Office leasing in Singapore swung into positive territory during the initial quarter of 2021 for the first time since the year-earlier period, nudged by the addition of tech firm Dyson’s lease commitment at a converted colonial-era power plant, according to CBRE.
Supported by tight vacancy in the core CBD market, the city-state also snapped a string of four straight quarters of rental declines as Grade A leasing rates held steady at S$10.40 ($7.73) per square foot per month in the first three months of the year, the global property consultancy said in a release.
CBRE noted an uptick in leasing momentum in the past six months as the tiny city-stage grows in importance with many multinational companies active in the region.
“There is optimism surrounding the mid-term outlook, as prospects of the office market remain healthy,” said Catherine He, the agency’s associate director of research for Southeast Asia. “Over the course of 2021, office demand is expected to be supported by gains in employment and a gradual recovery of Singapore’s economy. In addition, office rents will be supported by a tight supply pipeline.”
After three consecutive quarters of negative net absorption, Singapore’s office market registered a positive net absorption of 130,000 square feet (12,077 square metres) in the first quarter, CBRE said. The reversal stemmed mainly from Dyson’s St James Power Station lease commitment, which was added into total office stock this year.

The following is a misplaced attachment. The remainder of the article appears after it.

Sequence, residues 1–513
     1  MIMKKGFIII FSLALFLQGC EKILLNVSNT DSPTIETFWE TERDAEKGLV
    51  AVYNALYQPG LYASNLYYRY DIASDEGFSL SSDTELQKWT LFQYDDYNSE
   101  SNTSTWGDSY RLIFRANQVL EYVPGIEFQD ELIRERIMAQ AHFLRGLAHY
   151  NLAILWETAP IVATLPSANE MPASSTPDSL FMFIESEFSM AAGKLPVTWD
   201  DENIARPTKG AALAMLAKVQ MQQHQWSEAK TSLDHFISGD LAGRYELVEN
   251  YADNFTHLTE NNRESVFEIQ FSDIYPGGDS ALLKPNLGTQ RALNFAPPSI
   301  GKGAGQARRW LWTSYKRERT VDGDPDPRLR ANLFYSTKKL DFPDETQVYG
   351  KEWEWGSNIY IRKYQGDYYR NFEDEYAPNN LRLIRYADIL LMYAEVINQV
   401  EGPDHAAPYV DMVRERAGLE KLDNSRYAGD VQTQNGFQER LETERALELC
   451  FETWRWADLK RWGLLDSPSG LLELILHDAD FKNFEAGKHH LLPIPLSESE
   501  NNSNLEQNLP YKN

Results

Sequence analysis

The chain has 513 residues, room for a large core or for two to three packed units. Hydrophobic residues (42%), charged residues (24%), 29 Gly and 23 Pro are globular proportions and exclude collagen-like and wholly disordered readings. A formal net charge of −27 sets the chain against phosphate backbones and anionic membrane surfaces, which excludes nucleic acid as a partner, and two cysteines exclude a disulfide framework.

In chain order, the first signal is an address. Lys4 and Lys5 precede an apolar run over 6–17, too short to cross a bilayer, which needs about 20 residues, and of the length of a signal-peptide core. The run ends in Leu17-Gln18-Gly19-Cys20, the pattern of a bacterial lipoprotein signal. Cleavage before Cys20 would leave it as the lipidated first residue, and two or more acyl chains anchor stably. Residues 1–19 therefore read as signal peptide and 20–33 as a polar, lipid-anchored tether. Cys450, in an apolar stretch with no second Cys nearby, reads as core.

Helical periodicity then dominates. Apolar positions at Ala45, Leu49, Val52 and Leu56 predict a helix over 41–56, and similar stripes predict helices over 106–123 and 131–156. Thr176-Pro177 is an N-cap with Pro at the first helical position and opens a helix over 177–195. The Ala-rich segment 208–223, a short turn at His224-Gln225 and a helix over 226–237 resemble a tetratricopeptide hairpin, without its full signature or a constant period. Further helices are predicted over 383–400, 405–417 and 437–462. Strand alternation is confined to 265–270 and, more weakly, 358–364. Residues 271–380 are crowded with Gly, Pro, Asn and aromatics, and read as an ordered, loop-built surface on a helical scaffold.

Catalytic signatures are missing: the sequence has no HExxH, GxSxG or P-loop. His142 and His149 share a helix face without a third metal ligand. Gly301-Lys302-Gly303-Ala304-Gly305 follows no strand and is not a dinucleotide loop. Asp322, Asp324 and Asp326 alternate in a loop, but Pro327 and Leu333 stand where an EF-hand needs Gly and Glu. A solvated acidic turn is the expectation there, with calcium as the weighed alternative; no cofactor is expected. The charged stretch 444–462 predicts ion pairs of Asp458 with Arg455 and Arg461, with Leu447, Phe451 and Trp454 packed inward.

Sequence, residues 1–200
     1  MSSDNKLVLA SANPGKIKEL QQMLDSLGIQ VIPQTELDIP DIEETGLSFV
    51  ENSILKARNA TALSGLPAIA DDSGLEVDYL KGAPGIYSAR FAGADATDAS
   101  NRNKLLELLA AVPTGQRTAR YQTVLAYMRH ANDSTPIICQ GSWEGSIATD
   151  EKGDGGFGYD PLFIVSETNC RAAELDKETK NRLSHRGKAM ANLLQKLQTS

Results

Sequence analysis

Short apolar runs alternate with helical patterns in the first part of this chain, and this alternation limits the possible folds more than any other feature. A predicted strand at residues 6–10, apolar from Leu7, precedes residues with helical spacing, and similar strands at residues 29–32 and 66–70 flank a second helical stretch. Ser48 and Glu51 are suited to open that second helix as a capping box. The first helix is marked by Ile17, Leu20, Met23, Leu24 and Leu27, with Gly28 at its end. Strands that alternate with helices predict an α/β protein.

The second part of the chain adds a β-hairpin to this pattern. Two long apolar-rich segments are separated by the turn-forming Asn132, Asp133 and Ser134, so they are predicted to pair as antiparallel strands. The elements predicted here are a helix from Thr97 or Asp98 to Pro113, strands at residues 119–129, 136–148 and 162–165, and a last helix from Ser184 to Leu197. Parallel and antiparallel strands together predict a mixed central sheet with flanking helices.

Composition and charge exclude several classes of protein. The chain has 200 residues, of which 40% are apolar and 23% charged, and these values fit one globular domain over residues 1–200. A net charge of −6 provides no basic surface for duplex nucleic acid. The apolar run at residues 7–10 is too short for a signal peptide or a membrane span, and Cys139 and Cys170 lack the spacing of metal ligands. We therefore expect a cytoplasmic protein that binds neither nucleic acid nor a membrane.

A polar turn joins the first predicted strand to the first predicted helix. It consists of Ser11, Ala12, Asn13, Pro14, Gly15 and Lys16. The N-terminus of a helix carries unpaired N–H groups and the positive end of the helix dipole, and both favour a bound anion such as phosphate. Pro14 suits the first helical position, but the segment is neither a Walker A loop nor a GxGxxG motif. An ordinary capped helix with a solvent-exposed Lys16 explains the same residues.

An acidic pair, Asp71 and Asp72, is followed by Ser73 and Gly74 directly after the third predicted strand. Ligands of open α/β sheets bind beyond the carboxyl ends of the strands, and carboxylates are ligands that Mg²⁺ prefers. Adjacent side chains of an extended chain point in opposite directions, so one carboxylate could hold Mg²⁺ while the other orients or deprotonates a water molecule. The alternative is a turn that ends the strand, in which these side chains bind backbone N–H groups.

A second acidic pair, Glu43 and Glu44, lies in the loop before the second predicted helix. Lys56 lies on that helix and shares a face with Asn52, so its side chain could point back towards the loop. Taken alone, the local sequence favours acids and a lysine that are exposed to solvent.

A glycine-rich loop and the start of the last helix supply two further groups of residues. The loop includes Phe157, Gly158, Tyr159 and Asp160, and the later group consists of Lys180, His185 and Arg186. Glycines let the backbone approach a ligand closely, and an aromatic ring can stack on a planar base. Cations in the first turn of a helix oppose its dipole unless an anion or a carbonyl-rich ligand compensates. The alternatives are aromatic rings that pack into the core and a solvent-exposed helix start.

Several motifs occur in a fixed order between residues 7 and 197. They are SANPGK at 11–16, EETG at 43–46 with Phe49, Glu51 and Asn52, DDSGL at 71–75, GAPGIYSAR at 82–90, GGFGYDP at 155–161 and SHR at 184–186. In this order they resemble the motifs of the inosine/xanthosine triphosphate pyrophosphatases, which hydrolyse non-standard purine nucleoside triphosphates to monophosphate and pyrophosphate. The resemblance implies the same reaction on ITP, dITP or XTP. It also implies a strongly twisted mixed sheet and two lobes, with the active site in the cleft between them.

Dyson, known for its vacuum cleaners and bladeless fans, relocated its headquarters from the UK to Singapore in 2019. The company famous for its turbo-powered appliances is leasing 110,000 square feet at the redeveloped St James, which lit up Singapore with its steam-driven turbines from 1926 until it was decommissioned in 1976.
The city’s Grade A office vacancy rate narrowed from 3.9 percent in the fourth quarter of 2020 to 3.3 percent in this year’s first quarter.
CBRE said occupiers have capitalised on declining rents and taken flight to prime office buildings. Key demand drivers include firms in the technology and financial services industries such as asset management firms and, to a smaller extent, family offices.
Addition by Displacement
Another influence on occupier activity in the past few months has been the displacement of tenants from buildings set for redevelopment, including AXA Tower and Fuji Xerox Towers.
Alibaba last May agreed to acquire a 50 percent stake in AXA Tower in a deal that valued the cylindrical office property at S$1.68 billion. The Chinese e-commerce giant, already an anchor tenant in the building, bought the half-stake from an investment consortium led by Singapore’s Perennial Real Estate Holdings, with an eye towards redeveloping the 50-storey tower together.
Alibaba and its online marketplace Lazada have since taken space at 5One Central in Bras Basah, a property owned by Singapore-based ARA Asset Management and Britain’s Chelsfield.
Local real estate giant City Developments Ltd (CDL), meanwhile, is proceeding with redevelopment of its 38-storey Fuji Xerox Towers in the central business district which will displace still more tenants in the near term.
The Grade A office segment is expected to gain further from the market recovery phase as large corporates take advantage of the short-term pullback to upgrade in location and quality.
An added boost to the market is the government’s latest announcement that working remotely is no longer the default and that up to 75 percent of employees can return to the workplace starting this week, said David McKellar, co-head of office services at CBRE Singapore.
“This bodes well for the office market as more firms are gradually planning for the return of employees to the workplace and this reinforces the importance of the physical office,” McKellar said.